Travel and tourism

The Travel And Tourism Industry By 2030

The constant speed of technological advancements and shifting consumer expectations make it harder to predict how the industry will evolve in the coming years. industry than it has ever been. If you look at macro trends, there is an unambiguous direction in travel that may fundamentally alter the current model of the industry as we know it.

The trend favors the final consumer and those who follow the principles of Darwin are most adaptable to change. They are more likely to endure and prosper. As a former strategist and public presenter on digital and technological trends, and currently running the venture-backed travel tech startup  Here are my forecasts for the future of the travel business by 2030.


1. Customers will be empowered by more control and choices.

The tech giants are leading in the design of products that give the best customer experience From Amazon with one-click purchase for all sorts of goods to Uber with simple and quick pickups Our expectations are constantly evolving.

Customers are expecting more quicker and easier. Millions of reservations, analysed by Beyonk and her team, reveal that 70% of people make reservations within the first 48 hours of their occasions and events. This is likely to decrease since the hassle of locating and booking travel experiences diminishes.

2. Connectivity is going to become a commodity.

From 2006 onwards, the tourism industry has benefitted from in the last few years the General Transit Feed Specification, an industry standard that governs how data is available to all stakeholders in the industry. While it’s unlikely the other sectors of tourism will be able to benefit from the same standard however, connectivity will continue expand between resellers, suppliers and clients.

This is an inevitable evolution of the tourism industry . It is likely to continue to empower consumers with their decisions and, overall makes it easier to book and find the long-tail companies or book multiple categories at the same time. A variety of application-programmable interfaces may allow access to a significant portion of the inventory. A lot of travel agencies online could be able to access similar products which makes the branding, differentiation and user experience more crucial in order to stand out.

3. Personalization will be more important.

With the explosion of data, applications that can effectively display the relevant information in a way that is constructive are likely to prosper. The more companies are able to tailor their offerings to meet individual preferences and needs, the more likely they will win.

In the area of pre-sales they’ll be able make sure they are able to target the right people with an appealing offer and take them on individual customer journeys that are tailored to their needs -beginning with creating itineraries and selecting the best room and flights.

The issue that comes with Apple or Google altering their privacy practices and the ability to make use of third-party cookie has made it harder to tailor offers, advertisements and other communications to specific audiences. Businesses are investing more money to collect more personal data, such as emails. However, they’re also struggling in this regard, as Apple has introduced masking and obfuscation for email addresses, as well as privacy protection for in-browser applications which hides users IP addresses.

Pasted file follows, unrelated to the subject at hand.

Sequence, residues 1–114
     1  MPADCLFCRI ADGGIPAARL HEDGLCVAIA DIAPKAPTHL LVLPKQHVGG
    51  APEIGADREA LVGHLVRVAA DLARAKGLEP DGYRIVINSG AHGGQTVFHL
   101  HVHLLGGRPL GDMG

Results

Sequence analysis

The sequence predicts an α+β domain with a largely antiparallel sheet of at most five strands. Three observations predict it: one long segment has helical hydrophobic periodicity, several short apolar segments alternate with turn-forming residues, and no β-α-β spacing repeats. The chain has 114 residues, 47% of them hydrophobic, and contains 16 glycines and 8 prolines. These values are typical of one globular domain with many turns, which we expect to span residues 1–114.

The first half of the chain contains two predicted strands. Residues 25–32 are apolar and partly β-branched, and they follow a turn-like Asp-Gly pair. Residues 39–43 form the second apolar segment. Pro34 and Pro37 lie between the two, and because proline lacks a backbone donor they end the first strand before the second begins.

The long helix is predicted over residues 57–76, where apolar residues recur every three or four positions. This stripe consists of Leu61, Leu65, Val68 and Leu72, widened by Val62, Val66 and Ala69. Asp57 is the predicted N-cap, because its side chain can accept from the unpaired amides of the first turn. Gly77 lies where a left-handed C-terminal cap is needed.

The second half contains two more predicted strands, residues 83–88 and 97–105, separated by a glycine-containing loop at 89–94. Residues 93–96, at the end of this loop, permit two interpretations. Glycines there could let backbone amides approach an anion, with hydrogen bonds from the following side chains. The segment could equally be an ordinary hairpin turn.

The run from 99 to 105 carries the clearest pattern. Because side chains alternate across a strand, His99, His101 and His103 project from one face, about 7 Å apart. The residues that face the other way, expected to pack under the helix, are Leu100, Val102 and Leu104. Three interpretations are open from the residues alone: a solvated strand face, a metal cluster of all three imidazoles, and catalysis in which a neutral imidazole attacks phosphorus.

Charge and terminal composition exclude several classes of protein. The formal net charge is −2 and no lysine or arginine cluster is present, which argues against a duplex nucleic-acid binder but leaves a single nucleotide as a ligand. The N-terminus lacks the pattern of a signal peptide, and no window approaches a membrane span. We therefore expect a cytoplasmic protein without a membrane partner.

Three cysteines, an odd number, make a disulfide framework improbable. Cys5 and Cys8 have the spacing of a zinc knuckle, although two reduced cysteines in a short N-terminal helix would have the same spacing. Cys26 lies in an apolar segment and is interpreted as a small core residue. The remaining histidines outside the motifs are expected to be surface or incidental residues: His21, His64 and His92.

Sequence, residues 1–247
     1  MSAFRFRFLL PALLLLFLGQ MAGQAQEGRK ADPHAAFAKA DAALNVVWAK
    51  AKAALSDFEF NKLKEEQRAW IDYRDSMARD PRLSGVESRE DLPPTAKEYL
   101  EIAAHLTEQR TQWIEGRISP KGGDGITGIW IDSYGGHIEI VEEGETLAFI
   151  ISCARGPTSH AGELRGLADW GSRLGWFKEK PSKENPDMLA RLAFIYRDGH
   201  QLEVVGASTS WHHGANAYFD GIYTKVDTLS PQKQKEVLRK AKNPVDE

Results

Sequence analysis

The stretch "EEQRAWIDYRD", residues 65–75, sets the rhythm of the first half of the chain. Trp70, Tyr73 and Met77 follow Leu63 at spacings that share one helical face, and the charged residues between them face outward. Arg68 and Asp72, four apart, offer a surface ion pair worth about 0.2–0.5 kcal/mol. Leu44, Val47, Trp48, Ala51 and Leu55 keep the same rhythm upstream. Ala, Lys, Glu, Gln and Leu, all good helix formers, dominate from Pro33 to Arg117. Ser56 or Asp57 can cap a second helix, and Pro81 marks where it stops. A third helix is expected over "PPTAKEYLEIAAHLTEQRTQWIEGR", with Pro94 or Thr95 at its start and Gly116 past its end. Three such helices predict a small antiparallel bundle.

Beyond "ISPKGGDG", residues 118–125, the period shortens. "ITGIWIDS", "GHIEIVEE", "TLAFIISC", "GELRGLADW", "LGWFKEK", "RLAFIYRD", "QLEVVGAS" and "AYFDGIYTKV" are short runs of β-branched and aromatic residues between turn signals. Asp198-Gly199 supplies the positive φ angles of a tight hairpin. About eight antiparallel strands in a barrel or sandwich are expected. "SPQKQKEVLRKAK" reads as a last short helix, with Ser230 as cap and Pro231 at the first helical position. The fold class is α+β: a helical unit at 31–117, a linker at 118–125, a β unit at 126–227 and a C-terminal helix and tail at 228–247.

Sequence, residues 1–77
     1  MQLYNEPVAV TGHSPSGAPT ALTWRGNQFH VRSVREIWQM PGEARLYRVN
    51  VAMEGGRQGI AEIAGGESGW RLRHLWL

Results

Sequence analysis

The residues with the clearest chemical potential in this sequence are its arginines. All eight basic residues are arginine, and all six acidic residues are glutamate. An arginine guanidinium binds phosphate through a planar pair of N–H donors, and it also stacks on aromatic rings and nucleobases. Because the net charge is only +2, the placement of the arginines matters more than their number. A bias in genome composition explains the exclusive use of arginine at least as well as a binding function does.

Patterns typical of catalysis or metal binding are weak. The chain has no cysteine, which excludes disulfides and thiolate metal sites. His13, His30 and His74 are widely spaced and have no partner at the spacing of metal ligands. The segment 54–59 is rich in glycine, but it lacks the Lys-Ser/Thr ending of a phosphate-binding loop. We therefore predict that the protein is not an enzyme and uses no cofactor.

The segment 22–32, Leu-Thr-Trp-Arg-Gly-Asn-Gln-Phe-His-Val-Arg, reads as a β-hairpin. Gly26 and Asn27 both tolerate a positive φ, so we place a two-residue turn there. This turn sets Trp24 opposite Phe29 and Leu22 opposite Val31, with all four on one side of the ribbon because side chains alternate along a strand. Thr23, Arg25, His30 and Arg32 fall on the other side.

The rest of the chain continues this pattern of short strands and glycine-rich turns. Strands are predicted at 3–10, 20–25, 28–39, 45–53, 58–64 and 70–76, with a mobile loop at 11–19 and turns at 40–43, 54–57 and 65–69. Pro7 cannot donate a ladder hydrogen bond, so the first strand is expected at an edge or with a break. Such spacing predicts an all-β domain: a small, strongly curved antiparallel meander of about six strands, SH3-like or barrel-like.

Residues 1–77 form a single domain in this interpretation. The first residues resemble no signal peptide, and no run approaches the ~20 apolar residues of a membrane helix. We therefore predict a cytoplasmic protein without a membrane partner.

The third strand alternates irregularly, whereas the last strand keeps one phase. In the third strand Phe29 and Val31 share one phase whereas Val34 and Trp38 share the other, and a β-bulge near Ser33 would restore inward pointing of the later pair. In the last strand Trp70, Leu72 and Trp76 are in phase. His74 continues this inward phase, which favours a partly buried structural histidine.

The opportunity to personalize your experience could be found via Web 3.0 — where everyone may have a profile that is followed throughout the web, and that could be shared with websites to display content that is specific to your profile, allowing you to enjoy the best browsing experience possible and let you manage the information you give away. People who can adapt to constantly changing privacy rules, and maintain strong strategies for personalization, will create solid customer relationships as well as have more efficient spending and lower the cost of getting new customers.

4. The online channels will be seamless when combined with traditional channels.

As virtual and augmented reality technology develops and becomes more affordable, the price of the devices will decrease dramatically. The use of AR and VR is likely to soon become the latest way to experience places, travel, and things to do.

In the beginning, when you purchase it will provide an immersive experience that is becoming more of the “try before you buy” approaches seen in the retail industry over the past decade, with more companies using these options. Check out my article, Ecommerce Trends for the Tourism and Travel Industry, for an detailed analysis of this.

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It is clear we are moving toward in-destination experiences where you can have an overlay of reviews for each menu item, or have a virtual tour guide giving you tips wherever you are via your wearable device. We, as both consumers and providers, will become more equipped with data to have better experiences. Those organizations that can cater to a more seamless online and offline experience could win big.

While it’s hard to know the future, patterns suggest that an industry’s future may be tied to the further maturation of relevant, timely data and making it accessible across all channels to please customers.


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